Students fast forward 15 years during career day
Dec 06, 2016 02:41PM ● Published by Tori LaRue
Students pretend to sign up for the military during Copper Mountain Middle School’s Reality Town mock-life activity. The purpose of the event was to get ninth-graders to begin seeing options for their future. (Tori La Rue/City Journals)
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By Tori La Rue | email@example.com
Fast forward 15 years and Kyler Evans may be a computer software engineer who’s married with three kids. Kyler, a freshman at Copper Mountain Middle School, had the opportunity to see where his future may take him during the school’s Reality Town activity on Oct. 27.
“Really, I just started to learn about how expensive everything is,” Kyler said.
Kyler and the rest of the freshman CHMS class selected a future job based on their individual GPAs (higher GPAs provided higher paying jobs in the activity.), and Reality Town staff assigned them a salary and family situation. From there, the school and local community created a mock-life fair in the gym where students visited booths to do adult tasks such as buying a house, getting a car fixed, purchasing groceries and enrolling children in extracurricular activities.
Most booths gave students high-, medium- and low-priced options, so the students could see the approximate cost of the lifestyle they desire. A few booths were based on luck, and students were required to pay for mishaps that occur in family day to day living. If students ran out of money, they’d have to get a second job, sell their possessions or find another way to make money in the game.
“I was just trying to save money and buy cheap stuff, but I still ran out of money, so I had to join the military,” Kyler said. “I have three kids in Reality Town, and they are the reason why everything is so expensive.”
Kyler said he learned to be grateful for what he has and to plan finances wisely. He said he’d like to pursue a career in computer software engineering and plans to study in school to be ready for the industry.
Kristi Kemp, work-based learning coordinator for Jordan School District, said the district brings reality town to its schools because it gives students motivation to do well in school.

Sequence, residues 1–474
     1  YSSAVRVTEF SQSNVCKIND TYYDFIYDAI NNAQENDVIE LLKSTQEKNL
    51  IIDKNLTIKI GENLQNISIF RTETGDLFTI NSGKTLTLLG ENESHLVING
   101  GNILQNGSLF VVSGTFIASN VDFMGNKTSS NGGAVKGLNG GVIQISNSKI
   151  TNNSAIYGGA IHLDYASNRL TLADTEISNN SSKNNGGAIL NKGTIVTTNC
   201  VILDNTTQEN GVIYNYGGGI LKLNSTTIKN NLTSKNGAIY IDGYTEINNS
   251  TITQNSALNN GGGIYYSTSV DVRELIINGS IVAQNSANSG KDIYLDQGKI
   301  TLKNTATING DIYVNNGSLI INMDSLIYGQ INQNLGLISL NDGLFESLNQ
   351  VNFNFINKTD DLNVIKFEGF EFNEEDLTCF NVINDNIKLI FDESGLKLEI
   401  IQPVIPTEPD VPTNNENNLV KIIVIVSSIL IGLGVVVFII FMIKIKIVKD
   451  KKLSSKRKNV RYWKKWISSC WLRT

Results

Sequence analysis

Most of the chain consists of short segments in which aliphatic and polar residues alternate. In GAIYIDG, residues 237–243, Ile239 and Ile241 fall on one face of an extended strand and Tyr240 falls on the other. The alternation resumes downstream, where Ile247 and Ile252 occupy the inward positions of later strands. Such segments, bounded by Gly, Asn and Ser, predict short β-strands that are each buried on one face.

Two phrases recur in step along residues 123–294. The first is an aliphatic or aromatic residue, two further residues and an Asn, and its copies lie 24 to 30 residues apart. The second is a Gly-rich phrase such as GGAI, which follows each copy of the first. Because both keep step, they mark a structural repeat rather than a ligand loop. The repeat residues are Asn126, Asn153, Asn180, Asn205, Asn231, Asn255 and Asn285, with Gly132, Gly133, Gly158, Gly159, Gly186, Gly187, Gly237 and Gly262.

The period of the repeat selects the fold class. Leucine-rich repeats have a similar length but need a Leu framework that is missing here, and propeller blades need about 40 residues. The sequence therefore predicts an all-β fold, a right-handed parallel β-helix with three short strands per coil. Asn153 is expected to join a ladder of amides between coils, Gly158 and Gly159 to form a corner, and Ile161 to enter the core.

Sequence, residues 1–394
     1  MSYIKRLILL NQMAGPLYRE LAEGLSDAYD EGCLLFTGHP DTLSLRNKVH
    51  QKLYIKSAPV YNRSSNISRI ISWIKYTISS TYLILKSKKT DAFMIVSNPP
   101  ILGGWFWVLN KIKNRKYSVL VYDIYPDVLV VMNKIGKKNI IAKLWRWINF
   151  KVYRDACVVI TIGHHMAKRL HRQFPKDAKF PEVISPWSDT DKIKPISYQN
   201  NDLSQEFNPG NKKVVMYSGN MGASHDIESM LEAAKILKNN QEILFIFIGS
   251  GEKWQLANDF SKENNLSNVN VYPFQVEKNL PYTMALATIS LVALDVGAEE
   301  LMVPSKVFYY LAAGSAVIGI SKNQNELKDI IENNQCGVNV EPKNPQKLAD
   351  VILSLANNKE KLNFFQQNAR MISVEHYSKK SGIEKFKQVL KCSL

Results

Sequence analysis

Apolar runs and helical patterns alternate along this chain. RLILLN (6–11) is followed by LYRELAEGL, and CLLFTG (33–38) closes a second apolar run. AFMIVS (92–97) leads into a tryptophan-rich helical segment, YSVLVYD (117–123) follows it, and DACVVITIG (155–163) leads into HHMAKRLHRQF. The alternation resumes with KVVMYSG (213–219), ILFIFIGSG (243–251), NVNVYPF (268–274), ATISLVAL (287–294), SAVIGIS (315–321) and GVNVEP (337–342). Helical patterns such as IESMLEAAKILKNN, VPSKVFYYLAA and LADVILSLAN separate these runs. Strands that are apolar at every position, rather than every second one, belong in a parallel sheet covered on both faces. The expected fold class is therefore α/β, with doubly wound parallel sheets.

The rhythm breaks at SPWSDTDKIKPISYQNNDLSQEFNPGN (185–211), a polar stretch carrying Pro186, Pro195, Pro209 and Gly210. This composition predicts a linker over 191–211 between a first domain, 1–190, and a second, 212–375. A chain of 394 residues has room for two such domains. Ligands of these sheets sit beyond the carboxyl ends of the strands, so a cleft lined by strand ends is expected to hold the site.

“We implement this in ninth grade during first quarter because it’s a time for these students to realize that their high school grades will contribute to their success,” she said. “If they aren’t doing well in school, they may be closing doors later in life when they are 30. Likewise, if they are doing well, they realize they are opening doors for their future.”
More than 90 community volunteers helped run the event. Shannon Youngblood said she volunteered because she realized the program would help students learn what it is like to be an adult.
“It gives them perspective, so when they are asking for money, they know what goes into that,” she said. “They learn how to budget, and they know better what to expect from parents and adults.”
Youngblood helped run the personal care booth where participants chose the kind of deodorant, shampoo, soap, toothpaste and other products they wanted to provide themselves and their family. She said it was interesting to watch students deliberate on whether to purchase the designer, regular or knock-off brand products.
Youngblood has two children who attend CMMS, and said she hopes they learn self-mastery and budgeting skills from activities at school, such as Reality Town.
Ninth-grader Romone Vaughn’s pretend occupation was chef, and he dressed the part for the activity, complete with a white apron, red necktie and chef hat that he made out of lined paper. He said he’s learned that preparation is the key to living a successful life.
“I guess I decided today that I want to get a college degree,” said Romone. “I’ll be much better off that way and have more to spend”
While the gym was bustling with ninth graders impersonating 30-year-olds, the auditorium was full of seventh-graders who were also learning about their potential in the future workforce. Employees from the KSL Morning Show taught the 12- and 13-year-olds about jobs available in the broadcasting industry.
The school follows state mandate to introduce seventh-grade students to six different career industries by incorporating presentations from professionals in the field. The KSL presentation was the first one of the year, and counselors determined to offer the assembly on the same day as reality town.
Eighth-graders weren’t at school to experience the KSL presentation or Reality Town activity because each student in their grade was required to complete a job shadow on Oct. 27.
With each grade concurrently participating in work-based learning, Copper Mountain Middle created its first Career Day.
“When you ask a middle school student what they want to be when they grow up, some have an answer right away, but others have no idea,” said Teresa Bills, a school counselor. “Career Day is just one of the ways we help middle school students start looking ahead to what their future career might be.”